I've noticed that somehow hole saws make the center piece of wood compress
in size while drilling and then when finished it expands to lodge itsself
tight in there. I've had to unscrew the nut on the shank of the holesaw
and then hammer it out more than once.
Sun, Jul 18, 2004, 7:35pm (EDT-1) snipped-for-privacy@linuxmail.DOT.org (edard) says:
Saw about half way through then come at it from the other side if
possible. This minimizes splintering and allows easy removal of the
The splintering is never a problem with me, because I always use a
sacrificial piece of wood. However, this way does allow some of the
wood to stick out, making it a lot easier to pull it out. I would
suggest leting the holesaw come to a complete stop before you try to
pry, or pull, the wood out. But, that's up to you.
We've got a lot of experience of not having any experience.
- Nanny Ogg
john_20_28 firstname.lastname@example.org (jm) wrote in message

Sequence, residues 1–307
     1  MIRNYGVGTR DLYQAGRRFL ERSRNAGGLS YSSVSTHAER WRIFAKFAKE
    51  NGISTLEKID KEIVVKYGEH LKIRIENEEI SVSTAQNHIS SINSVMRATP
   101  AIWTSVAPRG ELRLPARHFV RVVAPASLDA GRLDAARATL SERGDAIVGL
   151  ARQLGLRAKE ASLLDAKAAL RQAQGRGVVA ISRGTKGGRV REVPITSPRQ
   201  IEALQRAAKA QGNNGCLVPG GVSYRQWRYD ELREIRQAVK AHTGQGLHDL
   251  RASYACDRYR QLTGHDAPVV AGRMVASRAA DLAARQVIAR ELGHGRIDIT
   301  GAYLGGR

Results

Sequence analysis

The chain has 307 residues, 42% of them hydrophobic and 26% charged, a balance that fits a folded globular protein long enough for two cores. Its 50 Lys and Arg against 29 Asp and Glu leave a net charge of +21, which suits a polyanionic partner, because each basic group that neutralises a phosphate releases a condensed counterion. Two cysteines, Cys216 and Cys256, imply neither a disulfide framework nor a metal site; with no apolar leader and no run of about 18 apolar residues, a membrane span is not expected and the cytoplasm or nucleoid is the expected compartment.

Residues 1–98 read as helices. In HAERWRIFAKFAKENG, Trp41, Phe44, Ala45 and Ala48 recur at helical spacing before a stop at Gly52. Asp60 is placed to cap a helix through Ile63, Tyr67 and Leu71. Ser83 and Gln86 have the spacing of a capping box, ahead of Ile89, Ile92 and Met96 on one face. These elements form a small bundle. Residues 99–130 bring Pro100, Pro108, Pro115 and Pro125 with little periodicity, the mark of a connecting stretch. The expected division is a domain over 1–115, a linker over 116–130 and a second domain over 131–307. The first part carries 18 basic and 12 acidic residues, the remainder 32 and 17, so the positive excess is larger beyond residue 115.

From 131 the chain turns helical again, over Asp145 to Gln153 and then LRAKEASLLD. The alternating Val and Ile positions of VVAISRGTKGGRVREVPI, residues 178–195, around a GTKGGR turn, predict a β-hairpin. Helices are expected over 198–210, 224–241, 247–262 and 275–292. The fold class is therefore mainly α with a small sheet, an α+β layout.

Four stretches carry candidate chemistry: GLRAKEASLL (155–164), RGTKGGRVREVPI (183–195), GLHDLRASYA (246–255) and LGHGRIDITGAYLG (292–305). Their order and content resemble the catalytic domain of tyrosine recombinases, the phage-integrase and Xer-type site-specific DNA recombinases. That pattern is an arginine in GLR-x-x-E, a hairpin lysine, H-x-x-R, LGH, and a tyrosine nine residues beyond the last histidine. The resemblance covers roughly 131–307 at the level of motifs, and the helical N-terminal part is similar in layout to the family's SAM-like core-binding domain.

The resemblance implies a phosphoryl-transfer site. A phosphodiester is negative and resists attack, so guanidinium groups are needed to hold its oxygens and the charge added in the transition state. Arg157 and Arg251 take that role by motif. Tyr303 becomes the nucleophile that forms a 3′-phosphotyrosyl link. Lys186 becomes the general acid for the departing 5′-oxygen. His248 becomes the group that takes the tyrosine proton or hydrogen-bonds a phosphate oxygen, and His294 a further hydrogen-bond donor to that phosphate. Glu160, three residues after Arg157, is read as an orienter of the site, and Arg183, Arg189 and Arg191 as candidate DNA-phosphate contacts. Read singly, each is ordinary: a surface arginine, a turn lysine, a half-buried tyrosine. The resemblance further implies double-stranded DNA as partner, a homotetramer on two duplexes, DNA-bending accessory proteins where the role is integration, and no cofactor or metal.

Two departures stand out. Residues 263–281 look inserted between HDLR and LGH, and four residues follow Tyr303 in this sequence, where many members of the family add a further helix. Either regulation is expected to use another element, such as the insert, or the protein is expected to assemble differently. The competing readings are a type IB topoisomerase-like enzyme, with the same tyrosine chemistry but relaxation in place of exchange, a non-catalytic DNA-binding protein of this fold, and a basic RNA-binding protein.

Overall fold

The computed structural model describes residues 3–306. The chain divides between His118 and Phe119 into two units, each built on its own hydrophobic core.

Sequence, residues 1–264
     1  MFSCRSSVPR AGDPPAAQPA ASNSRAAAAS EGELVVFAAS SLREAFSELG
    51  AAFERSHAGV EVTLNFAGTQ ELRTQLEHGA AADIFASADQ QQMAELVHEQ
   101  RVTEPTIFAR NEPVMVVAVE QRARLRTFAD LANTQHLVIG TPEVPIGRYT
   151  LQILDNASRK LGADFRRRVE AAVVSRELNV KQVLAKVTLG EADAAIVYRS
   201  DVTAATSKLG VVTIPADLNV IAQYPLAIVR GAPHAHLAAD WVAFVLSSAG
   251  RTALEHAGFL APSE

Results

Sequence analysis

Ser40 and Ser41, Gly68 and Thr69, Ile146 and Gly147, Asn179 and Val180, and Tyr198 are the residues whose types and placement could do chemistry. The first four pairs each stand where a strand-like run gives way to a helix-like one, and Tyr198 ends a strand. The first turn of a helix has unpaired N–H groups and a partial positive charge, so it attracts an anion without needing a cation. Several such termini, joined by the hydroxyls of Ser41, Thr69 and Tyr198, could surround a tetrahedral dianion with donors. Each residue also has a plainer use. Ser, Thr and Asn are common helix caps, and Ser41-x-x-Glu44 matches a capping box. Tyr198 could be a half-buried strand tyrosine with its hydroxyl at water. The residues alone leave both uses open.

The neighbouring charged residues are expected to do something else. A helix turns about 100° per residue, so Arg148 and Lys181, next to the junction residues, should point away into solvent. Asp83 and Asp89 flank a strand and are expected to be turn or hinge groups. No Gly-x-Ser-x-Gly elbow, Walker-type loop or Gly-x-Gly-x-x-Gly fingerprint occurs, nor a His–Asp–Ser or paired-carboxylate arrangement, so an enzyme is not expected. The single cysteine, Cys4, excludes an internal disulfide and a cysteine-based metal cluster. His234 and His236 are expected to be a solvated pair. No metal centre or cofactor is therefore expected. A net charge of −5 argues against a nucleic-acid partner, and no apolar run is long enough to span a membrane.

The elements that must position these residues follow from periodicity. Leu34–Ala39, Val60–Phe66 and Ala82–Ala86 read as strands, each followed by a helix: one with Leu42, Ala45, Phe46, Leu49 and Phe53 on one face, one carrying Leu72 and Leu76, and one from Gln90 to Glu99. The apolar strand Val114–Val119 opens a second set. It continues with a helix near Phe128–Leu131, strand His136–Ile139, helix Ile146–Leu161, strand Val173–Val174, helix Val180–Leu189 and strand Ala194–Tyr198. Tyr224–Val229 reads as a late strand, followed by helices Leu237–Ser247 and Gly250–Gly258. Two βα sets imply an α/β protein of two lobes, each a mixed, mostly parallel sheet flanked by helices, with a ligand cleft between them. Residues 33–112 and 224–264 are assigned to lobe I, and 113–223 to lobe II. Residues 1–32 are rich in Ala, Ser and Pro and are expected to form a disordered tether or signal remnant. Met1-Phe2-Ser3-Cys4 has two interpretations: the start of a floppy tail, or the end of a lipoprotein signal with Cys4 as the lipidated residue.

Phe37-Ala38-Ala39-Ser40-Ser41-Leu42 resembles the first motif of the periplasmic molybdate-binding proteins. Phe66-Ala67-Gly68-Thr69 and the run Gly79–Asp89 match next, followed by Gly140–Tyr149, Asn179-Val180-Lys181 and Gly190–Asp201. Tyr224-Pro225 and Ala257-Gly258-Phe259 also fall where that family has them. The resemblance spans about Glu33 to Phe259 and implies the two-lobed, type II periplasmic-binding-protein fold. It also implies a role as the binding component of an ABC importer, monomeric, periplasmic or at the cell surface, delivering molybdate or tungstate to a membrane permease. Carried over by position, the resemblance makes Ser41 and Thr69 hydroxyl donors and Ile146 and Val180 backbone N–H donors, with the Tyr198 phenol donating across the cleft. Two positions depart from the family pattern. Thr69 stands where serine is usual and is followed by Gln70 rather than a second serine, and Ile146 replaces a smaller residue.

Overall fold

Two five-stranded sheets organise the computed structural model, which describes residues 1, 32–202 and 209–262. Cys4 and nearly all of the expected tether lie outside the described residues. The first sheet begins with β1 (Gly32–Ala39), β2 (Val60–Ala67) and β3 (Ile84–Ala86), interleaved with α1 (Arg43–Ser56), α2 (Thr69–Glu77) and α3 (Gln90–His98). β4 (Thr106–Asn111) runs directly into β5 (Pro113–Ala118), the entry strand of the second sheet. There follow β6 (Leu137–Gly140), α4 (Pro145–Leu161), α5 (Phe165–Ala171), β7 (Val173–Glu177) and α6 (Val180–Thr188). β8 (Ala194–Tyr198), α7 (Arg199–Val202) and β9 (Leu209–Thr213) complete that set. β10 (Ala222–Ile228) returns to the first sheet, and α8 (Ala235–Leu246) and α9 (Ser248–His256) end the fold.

Some hole saws have two or more small holes in the 'back' of the
saw, that is the part to which teh shank attaches. Punches
can be inserted there and struck with a hammer to force out
the plug. Or you can put one or more screws into the plug
itself from the iopen end and pull it out with those, twisting
But often disassembly is the only thing that works.
Inevitably Crapsman will soon come out
with a "self-ejecting" hole saw. Which
reminds me, I worked the other day with
the guy who invented the spring-loaded,
self winding chalk line and he's waiting
for a settlement on a copyright infringe-
ment by Sears.
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